Verdi bounced back from this disappointment with his third opera, Nabucco, which is about as far in spirit from Un Giorno as one could get. He was clearly not looking in the rear-view mirror. Just as he abandoned the comic path, so has the work been abandoned by opera houses in the last 173 years, although Europe has seen a few mountings.

The Rath team put the six principal singers and the chorus through all sorts of physical activity — climbing, jumping, boxing, kissing, dancing, and swinging chairs at each other in a chaotic closing scene to Act 1 that is reminiscent of The Barber of Seville and The Italian Girl in Algiers, both by Rossini, whose presence hovers over Verdi in this creation. The site gags come so thick and fast and are so ingenious that the audience forgets this soufflé could collapse at any minute if the temperature is not kept at a high heat.

KarliCadel-KingGeneral-6281.gifGinger Costa-Jackson as Marchesa

Rath signaled to the audience that a circus was about to start by projecting clown-costume circles of color on a white curtain during the toe-tapping overture. Then, in the English titling (for a production sung in English), the audience was invited to attend a double wedding and to allow four hours “to clear security.” Similar 21st century touches were interpolated in the text by Kelley Rourke, who did all she could to make this creaky story of young love thwarted (and then triumphant) relevant.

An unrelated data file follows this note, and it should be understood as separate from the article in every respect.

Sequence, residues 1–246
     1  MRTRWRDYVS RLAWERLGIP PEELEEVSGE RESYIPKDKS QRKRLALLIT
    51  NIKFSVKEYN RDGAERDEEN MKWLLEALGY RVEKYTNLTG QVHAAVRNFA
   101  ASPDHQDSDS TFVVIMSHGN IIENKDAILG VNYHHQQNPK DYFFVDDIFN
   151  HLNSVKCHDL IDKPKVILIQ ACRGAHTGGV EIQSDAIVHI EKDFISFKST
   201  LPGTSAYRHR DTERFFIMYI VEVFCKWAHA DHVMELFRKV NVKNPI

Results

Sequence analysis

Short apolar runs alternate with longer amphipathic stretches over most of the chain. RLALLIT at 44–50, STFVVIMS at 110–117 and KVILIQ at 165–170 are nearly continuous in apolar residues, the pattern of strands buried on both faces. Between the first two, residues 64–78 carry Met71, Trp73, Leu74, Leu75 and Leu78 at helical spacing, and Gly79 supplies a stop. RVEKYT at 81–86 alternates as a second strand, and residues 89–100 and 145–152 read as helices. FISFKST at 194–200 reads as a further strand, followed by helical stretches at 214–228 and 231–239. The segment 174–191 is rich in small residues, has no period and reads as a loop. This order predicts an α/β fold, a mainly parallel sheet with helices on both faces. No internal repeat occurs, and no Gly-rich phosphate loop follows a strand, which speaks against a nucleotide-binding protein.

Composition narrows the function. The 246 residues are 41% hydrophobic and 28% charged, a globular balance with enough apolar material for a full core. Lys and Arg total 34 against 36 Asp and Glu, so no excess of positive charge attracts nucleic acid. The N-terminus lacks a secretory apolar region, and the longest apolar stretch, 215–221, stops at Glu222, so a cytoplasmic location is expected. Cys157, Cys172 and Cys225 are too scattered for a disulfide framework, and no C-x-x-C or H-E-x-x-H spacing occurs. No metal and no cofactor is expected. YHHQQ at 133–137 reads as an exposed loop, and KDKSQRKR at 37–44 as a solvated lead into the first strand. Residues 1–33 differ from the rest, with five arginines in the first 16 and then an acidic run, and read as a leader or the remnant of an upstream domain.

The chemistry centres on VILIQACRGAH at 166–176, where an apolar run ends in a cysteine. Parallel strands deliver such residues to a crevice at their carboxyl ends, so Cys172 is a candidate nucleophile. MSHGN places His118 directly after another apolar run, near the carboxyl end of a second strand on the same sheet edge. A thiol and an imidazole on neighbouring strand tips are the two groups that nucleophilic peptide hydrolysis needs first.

The stage business was so intricate, and non-stop, it was a wonder that the first performance went so smoothly. I expected the cast to fall off the steeply raked set at any moment and tumble into the orchestra pit, but no one did. Indeed, if anyone was ever out of place it wasn’t evident to the audience. The physical comedy delivered by the young cast assured a success.

Had Verdi not been the one to write this, however, no one would stage it today. So, is the great master present at all in the music? Here and there, yes. A few phrases from mezzo-soprano Ginger Costa-Jackson (as the Marchesa) find their way into Gilda’s music in Act 1 of Rigoletto. Some of the choral work prefigures Ernani.

What is more instructive, however, is how Verdi assimilated Rossini, Donizetti and Bellini in this work, which is only to be expected given how wet behind the ears he was. The basso buffo singing of Doctor Dulcamara (The Elixir of Love) and Don Pasqualeare not far from the surface in the music for bass Jason Hardy as the Baron Kelbar, and baritones Andrew Wilkowske (as La Rocca) and Young Artist Alex Lawrence as the King of the title. One extended passage for the King and chorus in Act 1 is a close parallel to music from Rossini’s Il Viaggio a Reims. A promising duet for tenor and baritone in Act 1 could be plopped into Bellini’s I Puritani without much alteration.

And so it goes for about two hours of music — little Verdi, but lots of early 19th century Italian opera by other masters. What he did demonstrate at 27 was his ability to write for the voice. The tenor part (the love-sick Edoardo, sung by Young Artist Patrick O’Halloran) is particularly fine.